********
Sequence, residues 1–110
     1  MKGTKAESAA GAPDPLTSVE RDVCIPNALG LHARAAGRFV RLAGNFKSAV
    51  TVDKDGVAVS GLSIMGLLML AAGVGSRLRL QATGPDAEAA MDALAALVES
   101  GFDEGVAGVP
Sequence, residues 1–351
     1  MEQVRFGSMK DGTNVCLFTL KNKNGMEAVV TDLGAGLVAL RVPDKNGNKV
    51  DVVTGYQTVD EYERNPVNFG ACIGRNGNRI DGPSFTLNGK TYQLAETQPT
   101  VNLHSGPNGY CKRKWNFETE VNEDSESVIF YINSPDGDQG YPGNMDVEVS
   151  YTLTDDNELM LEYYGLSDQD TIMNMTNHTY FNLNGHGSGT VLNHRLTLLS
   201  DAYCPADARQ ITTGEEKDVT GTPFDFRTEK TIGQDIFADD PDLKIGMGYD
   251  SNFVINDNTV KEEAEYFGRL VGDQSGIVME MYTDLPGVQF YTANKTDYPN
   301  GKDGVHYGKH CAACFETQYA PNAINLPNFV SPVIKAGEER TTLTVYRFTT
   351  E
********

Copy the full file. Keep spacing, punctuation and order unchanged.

Sequence, residues 1–110
     1  MKGTKAESAA GAPDPLTSVE RDVCIPNALG LHARAAGRFV RLAGNFKSAV
    51  TVDKDGVAVS GLSIMGLLML AAGVGSRLRL QATGPDAEAA MDALAALVES
   101  GFDEGVAGVP
Sequence, residues 1–351
     1  MEQVRFGSMK DGTNVCLFTL KNKNGMEAVV TDLGAGLVAL RVPDKNGNKV
    51  DVVTGYQTVD EYERNPVNFG ACIGRNGNRI DGPSFTLNGK TYQLAETQPT
   101  VNLHSGPNGY CKRKWNFETE VNEDSESVIF YINSPDGDQG YPGNMDVEVS
   151  YTLTDDNELM LEYYGLSDQD TIMNMTNHTY FNLNGHGSGT VLNHRLTLLS
   201  DAYCPADARQ ITTGEEKDVT GTPFDFRTEK TIGQDIFADD PDLKIGMGYD
   251  SNFVINDNTV KEEAEYFGRL VGDQSGIVME MYTDLPGVQF YTANKTDYPN
   301  GKDGVHYGKH CAACFETQYA PNAINLPNFV SPVIKAGEER TTLTVYRFTT
   351  E